Amazon announced this week that, for the first time, its Kindle ebook reader would be available outside of the US. This wasn’t much of a surprise, considering how popular the Kindle is in the US, and how eBook readers in general are gaining in popularity worldwide. Amazon are definitely doing the right thing in getting their easy to use product in front of as many potential customers (in over 100 countries) as possible.
I won’t be buying one, despite my gadget addiction. Anyone who knows me knows that the ownership of one gadget does not preclude the purchase of a newer, better version. So why no new Kindle? There are a number of reasons for this. Firstly, I’m very satisfied with my existing eBook reader: the Sony PRS-505. It handles many types of document easily and allows me to expand its built in memory with SD cards, such that I have over 1300 documents on it at any one time. It’s light, with a clear screen, and I have ultimate control over where I get my reading material from.
The Kindle, by comparison, does not have expandable memory and handles fewer file types (which need to emailed via Amazon’s servers to end up on your device). Further, Amazon customers buy direct from the Amazon.com online store and Amazon have been forced to admit that customers outside of the US will pay more for content – up to 40% more in some cases.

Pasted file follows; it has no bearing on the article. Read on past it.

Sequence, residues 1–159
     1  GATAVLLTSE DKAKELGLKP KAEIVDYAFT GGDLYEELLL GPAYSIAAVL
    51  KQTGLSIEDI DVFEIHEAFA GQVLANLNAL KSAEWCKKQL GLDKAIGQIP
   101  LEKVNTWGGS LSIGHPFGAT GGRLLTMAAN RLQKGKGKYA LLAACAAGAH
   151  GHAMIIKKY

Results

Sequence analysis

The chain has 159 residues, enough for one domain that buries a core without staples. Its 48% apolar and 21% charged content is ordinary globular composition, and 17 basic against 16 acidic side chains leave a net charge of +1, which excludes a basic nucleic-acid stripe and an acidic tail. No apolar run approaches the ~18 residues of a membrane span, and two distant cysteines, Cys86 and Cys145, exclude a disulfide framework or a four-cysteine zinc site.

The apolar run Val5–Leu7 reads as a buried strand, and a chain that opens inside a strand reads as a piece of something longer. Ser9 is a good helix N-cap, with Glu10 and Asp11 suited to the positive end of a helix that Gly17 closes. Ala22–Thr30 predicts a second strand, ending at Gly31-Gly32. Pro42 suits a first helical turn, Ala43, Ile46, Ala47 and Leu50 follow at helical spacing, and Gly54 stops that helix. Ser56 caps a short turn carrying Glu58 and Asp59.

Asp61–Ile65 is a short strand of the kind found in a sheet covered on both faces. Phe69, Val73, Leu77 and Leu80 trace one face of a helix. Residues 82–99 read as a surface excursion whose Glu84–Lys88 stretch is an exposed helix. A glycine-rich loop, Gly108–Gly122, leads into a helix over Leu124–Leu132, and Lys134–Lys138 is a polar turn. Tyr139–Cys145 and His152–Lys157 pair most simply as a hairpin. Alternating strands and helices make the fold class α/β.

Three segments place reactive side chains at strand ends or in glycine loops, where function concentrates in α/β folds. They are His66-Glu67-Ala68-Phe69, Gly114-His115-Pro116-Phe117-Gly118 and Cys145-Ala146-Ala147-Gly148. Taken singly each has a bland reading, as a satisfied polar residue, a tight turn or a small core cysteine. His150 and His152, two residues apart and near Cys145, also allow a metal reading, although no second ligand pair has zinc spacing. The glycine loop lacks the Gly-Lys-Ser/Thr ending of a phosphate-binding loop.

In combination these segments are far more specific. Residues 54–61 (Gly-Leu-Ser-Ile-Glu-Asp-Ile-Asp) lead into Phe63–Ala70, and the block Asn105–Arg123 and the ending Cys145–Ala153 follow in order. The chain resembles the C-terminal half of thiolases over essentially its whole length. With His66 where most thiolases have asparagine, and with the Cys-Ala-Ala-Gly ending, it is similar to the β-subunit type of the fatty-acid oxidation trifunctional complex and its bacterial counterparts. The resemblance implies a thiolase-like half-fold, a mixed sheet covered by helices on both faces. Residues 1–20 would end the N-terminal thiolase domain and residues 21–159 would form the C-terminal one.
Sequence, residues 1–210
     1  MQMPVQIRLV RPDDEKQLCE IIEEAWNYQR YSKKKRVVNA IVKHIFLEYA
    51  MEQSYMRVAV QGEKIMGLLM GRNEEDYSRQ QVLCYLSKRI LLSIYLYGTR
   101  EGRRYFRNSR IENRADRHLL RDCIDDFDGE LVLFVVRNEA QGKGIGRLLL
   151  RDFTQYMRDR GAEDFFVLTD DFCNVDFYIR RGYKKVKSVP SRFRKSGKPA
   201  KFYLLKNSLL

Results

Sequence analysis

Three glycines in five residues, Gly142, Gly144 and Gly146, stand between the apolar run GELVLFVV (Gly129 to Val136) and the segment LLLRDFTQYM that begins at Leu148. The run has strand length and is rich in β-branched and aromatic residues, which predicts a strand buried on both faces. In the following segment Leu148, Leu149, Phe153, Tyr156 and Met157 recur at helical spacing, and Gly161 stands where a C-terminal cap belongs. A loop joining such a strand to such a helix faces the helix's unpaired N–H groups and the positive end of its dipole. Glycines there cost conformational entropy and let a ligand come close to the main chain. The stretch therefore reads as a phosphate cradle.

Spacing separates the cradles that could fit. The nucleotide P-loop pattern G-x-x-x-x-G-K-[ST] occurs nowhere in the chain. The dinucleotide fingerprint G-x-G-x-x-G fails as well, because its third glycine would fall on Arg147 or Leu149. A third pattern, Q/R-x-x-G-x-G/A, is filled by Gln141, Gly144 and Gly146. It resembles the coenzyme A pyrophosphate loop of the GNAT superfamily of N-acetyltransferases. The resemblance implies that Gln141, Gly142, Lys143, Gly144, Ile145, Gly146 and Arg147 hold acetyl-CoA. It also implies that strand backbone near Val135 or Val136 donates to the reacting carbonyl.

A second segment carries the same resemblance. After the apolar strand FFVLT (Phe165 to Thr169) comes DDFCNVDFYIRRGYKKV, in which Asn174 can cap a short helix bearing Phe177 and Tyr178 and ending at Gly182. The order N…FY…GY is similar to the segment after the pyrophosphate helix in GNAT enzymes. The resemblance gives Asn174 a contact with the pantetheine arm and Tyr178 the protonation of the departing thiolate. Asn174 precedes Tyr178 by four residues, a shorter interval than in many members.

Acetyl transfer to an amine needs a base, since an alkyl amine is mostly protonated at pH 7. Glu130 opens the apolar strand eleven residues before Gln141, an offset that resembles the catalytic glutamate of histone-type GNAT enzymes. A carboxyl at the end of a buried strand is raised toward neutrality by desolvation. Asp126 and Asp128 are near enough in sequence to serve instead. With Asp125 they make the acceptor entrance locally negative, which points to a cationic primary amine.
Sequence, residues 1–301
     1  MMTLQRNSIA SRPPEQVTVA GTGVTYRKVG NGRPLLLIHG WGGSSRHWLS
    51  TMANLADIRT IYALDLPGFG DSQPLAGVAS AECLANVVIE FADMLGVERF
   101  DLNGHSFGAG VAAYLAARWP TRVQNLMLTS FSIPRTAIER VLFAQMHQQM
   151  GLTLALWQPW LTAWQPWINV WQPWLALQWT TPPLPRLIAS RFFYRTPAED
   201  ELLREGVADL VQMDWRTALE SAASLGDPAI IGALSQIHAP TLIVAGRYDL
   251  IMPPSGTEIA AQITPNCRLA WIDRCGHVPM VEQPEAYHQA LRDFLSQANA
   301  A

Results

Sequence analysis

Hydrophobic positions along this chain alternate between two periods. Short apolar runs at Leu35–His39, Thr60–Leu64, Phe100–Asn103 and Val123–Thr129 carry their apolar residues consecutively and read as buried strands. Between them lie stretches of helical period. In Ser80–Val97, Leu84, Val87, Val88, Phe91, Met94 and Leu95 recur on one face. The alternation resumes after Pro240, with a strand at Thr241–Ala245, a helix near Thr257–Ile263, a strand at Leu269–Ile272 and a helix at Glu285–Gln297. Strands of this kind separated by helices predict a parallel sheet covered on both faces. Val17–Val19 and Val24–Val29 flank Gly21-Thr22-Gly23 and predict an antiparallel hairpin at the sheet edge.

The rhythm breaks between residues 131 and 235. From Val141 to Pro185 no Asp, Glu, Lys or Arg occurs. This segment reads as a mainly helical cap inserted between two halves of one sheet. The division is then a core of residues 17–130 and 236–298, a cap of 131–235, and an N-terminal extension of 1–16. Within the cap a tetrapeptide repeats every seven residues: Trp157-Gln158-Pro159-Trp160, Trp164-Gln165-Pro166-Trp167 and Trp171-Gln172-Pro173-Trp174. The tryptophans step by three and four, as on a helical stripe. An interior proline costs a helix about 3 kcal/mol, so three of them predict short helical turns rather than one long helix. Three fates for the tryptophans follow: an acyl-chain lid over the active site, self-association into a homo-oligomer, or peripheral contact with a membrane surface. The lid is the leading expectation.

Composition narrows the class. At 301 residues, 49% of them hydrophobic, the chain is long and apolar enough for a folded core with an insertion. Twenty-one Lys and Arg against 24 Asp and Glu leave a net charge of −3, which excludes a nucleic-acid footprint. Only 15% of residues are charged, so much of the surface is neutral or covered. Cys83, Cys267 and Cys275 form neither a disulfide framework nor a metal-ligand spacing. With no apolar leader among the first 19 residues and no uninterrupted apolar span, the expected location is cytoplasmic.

It boils down to this. If I’m paying for content, I want to own that content and decide what happens to it. I don’t want the provider of that content to be able to switch off my access to it at a whim. I’d compare it to a Napster-type arrangement – I don’t want to pay a monthly charge for music only to have access to it turned off forever when I want to end my contract. It suits other people, but not me.
The Kindle model is a good one for many, many consumers. It gives them easy access to thousands of titles, without the need to hook it up to a computer or have access to wifi. It’s easy to use, in any number of ways. I just don’t like its built-in restrictions.
The cost of eBooks in general is a whole other debate. I can’t understand why they cost as much as (or in some cases in the UK, more than) their physical counterparts. Without a need to physically produce, transport or store eBooks, they should be significantly cheaper than paper books. Until someone challenges this pricing model (Apple Tablet eReader anyone?) the uptake of electronic books will be slow and among a minority of consumers.